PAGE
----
Friday, November 27, 2015         

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Dorm decor dos

By Nancy Arcayna


Incoming University of Hawaii freshman Jackie Donovan plans to personalize her space at Hale Ilima when she moves into the Manoa dorm next week. The Mid-Pacific Institute grad drew up a list of things she'll need but hasn't made any final decisions on dorm decor.

"I went shopping, and there are so many options, so many colors. I haven't picked anything specific yet," said Donovan, daughter of UH athletic director Jim Donovan, who also lived in Hale Ilima when he first came to the islands.

"I know that I'll end up with bright colors because that makes me happy and brings out my personality. I'll definitely be putting up pictures of me and my friends. That would make me feel more comfortable because they always support me."

Many students get their first real experience living away from home when they head off to college. Adding a few personal touches to a dormitory room can create a familiar setting among strange surroundings and foster a "home away from home" atmosphere.


» The Target store in Salt Lake is hosting an after-hours shopping event for UH freshmen from 10:30 p.m. to 12:30 a.m. Aug. 17 as part of Warrior Welcome Week. Transportation will be provided from residential halls, according to Nick Sweeton, associate director of Student Housing Services. Shopping trips to Walmart also are planned.

» Bed Bath & Beyond, newly opened in Pearlridge, offers a Pack N Hold program similar to a bridal registry. A hand-held scanner lets students choose the items they would like to purchase; checklists are available on-site. Students also can pick out items and have them held at the store until they are ready to move into their dorm. Call 486-3791 for more information.


Mililani High graduate Chad Tanaka said a refrigerator, microwave, television and game system are what he considers essential to outfit his UH room. "I need a fan, too. It's pretty hot," he said.

Tanaka already got a taste of dorm life after participating in a seven-week summer science and engineering program for native Hawaiians. The electrical engineering student wasn't as homesick as he expected during the summer program, so he doesn't feel the need to decorate with sentimental knickknacks, except for maybe some New York Yankees memorabilia.

"I'll definitely need a calendar. The days just flew by, and it was hard to keep track of things," he said.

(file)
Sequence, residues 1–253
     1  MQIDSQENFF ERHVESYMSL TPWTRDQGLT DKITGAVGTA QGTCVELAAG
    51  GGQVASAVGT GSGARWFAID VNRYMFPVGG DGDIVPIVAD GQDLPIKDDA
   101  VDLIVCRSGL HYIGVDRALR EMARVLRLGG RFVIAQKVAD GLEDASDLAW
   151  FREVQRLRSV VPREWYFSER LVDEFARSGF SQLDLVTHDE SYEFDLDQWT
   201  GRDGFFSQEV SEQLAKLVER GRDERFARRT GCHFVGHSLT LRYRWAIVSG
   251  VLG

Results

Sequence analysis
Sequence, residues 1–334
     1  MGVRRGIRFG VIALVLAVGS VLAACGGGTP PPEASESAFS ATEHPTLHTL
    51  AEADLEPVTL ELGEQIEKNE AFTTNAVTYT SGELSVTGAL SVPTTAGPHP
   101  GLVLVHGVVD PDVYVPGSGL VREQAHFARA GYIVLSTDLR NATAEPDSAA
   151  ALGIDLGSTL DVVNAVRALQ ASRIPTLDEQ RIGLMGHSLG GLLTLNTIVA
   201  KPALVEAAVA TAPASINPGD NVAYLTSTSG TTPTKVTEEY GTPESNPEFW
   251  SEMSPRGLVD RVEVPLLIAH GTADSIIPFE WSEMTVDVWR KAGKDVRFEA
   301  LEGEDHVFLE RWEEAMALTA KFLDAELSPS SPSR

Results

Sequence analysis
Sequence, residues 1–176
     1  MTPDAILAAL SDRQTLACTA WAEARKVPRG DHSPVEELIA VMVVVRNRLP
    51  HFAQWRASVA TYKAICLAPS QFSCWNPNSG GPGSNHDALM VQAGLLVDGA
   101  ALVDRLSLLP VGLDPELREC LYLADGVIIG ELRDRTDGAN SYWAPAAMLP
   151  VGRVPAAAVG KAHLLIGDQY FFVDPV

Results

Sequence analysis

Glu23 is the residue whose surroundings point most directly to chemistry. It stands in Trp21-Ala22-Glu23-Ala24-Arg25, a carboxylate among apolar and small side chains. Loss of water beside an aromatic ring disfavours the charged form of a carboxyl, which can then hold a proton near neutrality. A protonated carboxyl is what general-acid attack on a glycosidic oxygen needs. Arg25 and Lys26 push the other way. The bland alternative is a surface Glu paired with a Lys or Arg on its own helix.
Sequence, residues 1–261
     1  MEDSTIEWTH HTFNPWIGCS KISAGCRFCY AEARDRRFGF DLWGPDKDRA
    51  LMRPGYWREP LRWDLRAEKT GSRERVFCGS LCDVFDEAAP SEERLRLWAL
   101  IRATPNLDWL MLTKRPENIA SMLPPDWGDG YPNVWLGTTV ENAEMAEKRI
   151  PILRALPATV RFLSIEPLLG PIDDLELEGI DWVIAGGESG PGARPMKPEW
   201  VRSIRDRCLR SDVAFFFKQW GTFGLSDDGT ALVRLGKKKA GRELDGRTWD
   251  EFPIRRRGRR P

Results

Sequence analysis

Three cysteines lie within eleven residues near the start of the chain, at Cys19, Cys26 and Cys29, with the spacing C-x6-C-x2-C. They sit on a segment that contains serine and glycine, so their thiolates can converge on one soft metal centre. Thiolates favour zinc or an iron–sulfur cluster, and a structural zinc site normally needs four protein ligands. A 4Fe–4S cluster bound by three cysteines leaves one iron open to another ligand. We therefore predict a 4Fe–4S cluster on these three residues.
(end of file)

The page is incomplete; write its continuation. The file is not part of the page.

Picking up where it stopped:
The four round Hale Aloha Towers -- Lehua, Ilima, Mokihana and Lokelani -- are opening to students next week after a two-year, $24.5 million renovation. The buildings house 1,080 students in the 560 rooms.

Windows were replaced, public restrooms renovated and new furnishings purchased for public areas. A room-card access system similar to what hotels use was installed to improve security.

One thing UH dorm dwellers don't need to worry about is getting wired. All rooms are wired for Internet use and cable television, and many of the residential halls have Wi-Fi access, according to Michael Kaptik, director of student housing services. For regular land-line phone service, students pay a one-time charge of $19. "We have found that most students do not use their room phone because they are coming to campus with cell phones," he said.

As with any decorating project, it's best to know the room dimensions before making any purchases. This ensures closet organizers and under-bed storage containers will fit and there's space for personal accents and wall decor.

Since most dorms have rules about painting the walls or making other improvements, bedding and accessories such as chairs, throw rugs, wall art, floor cushions and accent pillows provide the best opportunity for students to add color and personality to their dorm rooms. But remember, you'll likely be sharing your small space with another student, so you might want to coordinate purchases with your roommate.

For a fun touch, use strings of pixie lights or paper lanterns but no candles allowed. For studying, desk and reading lamps are less harsh than the fluorescent lighting that might already be available in rooms.

A mattress pad or topper can provide extra comfort to dorm beds, and students must bring their own sheets, pillowcases, pillows, blankets and comforters or bedspreads.

Storage is always an issue in tight spaces, and dorm rooms are no different. Storage bins that fit under beds, stackable drawers, closet organizers and over-the-door hooks and pouches are options. Collapsible laundry hampers and drying racks and a tabletop ironing board can help save additional space.

And what dorm room is without posters, wall art or framed pictures of family and friends? Remember to use the adhesives listed in the housing guidelines to avoid being charged for damage later.

Before moving in, make sure to do a thorough inspection and detail any existing damage on the "room condition form" students are required to fill out. The form is used to check for damage when students leave the dorm.

"If there is damage beyond normal wear and tear, the student would be assessed for the damages," Kaptik said. "Most students do a good job of not damaging their rooms."

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